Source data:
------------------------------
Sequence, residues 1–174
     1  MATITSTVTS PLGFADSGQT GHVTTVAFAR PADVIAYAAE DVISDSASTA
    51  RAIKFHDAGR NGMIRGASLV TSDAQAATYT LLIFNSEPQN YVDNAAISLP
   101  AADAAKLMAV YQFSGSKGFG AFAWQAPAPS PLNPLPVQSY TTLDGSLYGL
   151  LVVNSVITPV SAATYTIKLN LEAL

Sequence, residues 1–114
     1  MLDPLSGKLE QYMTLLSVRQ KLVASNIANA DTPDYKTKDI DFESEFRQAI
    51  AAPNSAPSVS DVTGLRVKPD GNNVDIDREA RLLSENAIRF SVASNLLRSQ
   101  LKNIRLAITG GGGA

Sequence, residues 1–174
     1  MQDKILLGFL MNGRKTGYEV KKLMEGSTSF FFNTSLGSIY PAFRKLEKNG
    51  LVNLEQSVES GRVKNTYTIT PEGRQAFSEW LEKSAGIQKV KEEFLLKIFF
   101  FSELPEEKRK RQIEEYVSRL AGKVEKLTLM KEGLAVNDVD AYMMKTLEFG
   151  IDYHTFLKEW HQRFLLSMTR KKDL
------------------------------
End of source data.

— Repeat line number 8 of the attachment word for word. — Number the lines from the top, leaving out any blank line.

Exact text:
    51  AAPNSAPSVS DVTGLRVKPD GNNVDIDREA RLLSENAIRF SVASNLLRSQ